By: Zvi Gluck
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It is one of the biggest mistakes you can ever make.
If you are the parent of a teenager, or even a pre-teen, you might have heaved a sigh of relief once you got through Purim safely, thinking that you could relax and not worry about your kid getting drunk, at least until Simchas Torah.
You could do that. But if you did, you would be making a massive error, one that could have potentially devastating consequences.
Because while Purim and Simchas Torah rank up there as two days where there are those who find it socially acceptable to get completely and totally bombed, excessive alcohol consumption is a problem in our community all year long.
Keep your eyes open next Shabbos in shul. You might see the group of guys slipping out quietly during the haftora or the rav’s drasha for kiddush club, where they might have a shot or two or six, all under the guise of oneg Shabbos. If there is a kiddush after davening, check out the liquor table where adults and kids are pouring eight ounce cups of hard liquor, with some coming back for refills. And then there are the guys who take the long way home once davening is over, detouring to friends’ houses where the herring, the kichel and the divrei Torah are all accompanied by plenty of “spirited” discussion, if you catch my drift.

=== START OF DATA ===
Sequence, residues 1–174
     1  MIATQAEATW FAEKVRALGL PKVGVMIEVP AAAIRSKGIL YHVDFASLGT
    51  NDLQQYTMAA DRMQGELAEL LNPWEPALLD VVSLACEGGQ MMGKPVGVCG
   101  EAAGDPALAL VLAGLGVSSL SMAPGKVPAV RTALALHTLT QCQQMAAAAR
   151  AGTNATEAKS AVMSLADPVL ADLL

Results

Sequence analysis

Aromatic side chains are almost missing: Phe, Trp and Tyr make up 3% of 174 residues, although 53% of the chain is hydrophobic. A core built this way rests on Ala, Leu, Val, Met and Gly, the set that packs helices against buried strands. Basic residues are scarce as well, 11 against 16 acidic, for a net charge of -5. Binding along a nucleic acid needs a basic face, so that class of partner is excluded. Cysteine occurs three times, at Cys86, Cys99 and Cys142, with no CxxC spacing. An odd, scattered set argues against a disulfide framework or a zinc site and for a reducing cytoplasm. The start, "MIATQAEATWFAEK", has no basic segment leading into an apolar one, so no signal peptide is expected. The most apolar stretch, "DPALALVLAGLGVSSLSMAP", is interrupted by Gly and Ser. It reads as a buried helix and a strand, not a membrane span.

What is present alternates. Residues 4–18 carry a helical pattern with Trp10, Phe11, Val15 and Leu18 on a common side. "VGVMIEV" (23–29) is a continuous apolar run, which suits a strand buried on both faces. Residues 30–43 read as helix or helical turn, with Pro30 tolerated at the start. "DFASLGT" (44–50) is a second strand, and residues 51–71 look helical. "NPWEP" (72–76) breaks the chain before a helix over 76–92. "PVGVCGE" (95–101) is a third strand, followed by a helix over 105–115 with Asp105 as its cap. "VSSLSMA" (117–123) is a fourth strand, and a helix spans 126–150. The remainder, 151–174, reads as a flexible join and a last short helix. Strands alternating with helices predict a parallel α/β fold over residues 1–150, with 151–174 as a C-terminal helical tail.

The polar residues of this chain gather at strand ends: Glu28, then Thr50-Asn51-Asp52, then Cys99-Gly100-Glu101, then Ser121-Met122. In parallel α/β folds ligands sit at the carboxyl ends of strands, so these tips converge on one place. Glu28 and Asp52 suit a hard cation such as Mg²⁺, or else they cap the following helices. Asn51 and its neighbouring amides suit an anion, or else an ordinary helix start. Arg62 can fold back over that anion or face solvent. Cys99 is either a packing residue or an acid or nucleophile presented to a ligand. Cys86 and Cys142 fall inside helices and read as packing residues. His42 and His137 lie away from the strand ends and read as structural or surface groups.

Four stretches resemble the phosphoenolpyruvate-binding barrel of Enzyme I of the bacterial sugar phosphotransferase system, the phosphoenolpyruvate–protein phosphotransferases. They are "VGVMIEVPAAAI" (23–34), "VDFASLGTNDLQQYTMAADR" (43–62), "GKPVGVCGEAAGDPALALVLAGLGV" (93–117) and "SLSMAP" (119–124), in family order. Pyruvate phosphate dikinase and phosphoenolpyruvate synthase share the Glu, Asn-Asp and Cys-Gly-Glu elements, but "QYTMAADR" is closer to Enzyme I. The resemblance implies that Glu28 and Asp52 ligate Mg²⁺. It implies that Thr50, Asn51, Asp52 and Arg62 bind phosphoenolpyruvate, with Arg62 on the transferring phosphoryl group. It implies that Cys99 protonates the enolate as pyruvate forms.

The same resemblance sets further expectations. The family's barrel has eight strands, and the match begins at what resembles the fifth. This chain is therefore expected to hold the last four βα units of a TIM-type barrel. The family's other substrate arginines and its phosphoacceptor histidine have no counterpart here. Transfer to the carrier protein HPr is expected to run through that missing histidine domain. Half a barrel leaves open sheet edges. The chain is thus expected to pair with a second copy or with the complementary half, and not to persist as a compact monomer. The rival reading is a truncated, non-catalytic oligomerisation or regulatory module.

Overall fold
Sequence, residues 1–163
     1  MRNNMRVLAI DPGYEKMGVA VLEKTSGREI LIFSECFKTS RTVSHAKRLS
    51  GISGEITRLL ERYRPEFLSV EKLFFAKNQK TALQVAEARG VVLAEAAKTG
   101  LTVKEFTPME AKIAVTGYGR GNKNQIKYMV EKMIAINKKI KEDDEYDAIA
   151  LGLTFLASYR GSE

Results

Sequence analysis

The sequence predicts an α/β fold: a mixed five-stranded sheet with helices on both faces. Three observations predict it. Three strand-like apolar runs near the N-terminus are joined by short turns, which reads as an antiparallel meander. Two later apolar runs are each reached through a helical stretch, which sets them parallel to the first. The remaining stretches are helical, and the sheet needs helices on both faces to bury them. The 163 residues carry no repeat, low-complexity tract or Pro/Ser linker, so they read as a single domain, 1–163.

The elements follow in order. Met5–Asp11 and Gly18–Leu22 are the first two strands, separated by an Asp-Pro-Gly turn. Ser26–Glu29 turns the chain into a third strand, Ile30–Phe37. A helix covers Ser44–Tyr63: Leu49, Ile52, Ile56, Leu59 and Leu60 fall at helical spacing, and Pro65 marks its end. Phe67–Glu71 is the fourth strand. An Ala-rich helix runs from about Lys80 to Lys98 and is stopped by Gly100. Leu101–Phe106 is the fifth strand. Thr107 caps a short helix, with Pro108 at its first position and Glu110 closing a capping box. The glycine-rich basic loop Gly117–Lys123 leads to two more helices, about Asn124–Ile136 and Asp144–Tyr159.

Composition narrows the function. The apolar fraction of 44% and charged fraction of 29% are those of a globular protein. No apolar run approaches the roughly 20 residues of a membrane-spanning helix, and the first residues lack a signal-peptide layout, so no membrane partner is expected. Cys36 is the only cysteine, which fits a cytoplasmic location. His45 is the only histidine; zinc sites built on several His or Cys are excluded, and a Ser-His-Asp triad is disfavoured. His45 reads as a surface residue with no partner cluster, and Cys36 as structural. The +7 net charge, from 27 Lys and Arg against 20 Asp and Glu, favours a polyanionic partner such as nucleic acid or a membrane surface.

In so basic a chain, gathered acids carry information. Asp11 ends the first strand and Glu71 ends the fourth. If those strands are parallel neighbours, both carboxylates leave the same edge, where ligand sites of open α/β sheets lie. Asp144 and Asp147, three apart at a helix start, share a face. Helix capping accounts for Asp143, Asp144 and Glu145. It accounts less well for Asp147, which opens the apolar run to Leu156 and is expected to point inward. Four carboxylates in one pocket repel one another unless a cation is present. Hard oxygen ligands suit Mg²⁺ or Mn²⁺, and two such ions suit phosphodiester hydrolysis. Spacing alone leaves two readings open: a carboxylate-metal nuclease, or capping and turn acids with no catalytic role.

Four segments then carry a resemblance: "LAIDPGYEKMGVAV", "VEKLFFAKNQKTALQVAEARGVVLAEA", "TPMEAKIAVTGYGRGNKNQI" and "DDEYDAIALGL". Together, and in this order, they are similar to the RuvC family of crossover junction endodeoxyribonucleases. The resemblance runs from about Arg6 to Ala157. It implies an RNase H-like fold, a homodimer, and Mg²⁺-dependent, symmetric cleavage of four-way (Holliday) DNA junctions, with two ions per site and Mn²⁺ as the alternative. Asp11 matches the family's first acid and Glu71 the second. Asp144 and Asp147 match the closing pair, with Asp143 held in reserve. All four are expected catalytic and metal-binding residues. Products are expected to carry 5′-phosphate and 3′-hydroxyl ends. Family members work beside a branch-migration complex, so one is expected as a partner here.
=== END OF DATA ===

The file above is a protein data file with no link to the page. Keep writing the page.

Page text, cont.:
I’m not suggesting that we all swear off alcoholic beverages from here on in. But as the person who gets called in to deal with the train wrecks that happen when kids overindulge, let me leave you with these thoughts.
Your kids are watching you 24/7. And it is your actions, far more than your words, that speak volumes. So if the highlight of your week is having a good time by blowing through a few bottles of “the good stuff” with the guys on Shabbos morning, know that in addition to putting an incredible amount of stress on your wife and your marriage, your kids might decide that a little bit of liquid sunshine might just put some pep in their step also.
And the results, as we all know, can be disastrous.
Don’t believe me? Watch our new video, The Kiddush Club. While it is a dramatization of actual events, know that these things happen in my neighborhood, in your neighborhood and in Jewish neighborhoods everywhere, the first step for many on the road to addiction and abuse, both potentially deadly past times.
Like it or not, we are our children’s teachers and the behaviors we model for them often become the ones they adopt for themselves. Whether it is at a kiddush club, at your Shabbos table, at your Pesach seder, at a barbeque, a wedding or a birthday party, drink responsibly, as if your kids are watching your every move.
Because, let’s face it – they are.
Zvi Gluck is the director of Amudim, an organization dedicated to helping abuse victims and those suffering with addiction within the Jewish community and has been heavily involved in crisis intervention and management for the past 18 years. For more information go to www.amudim.org.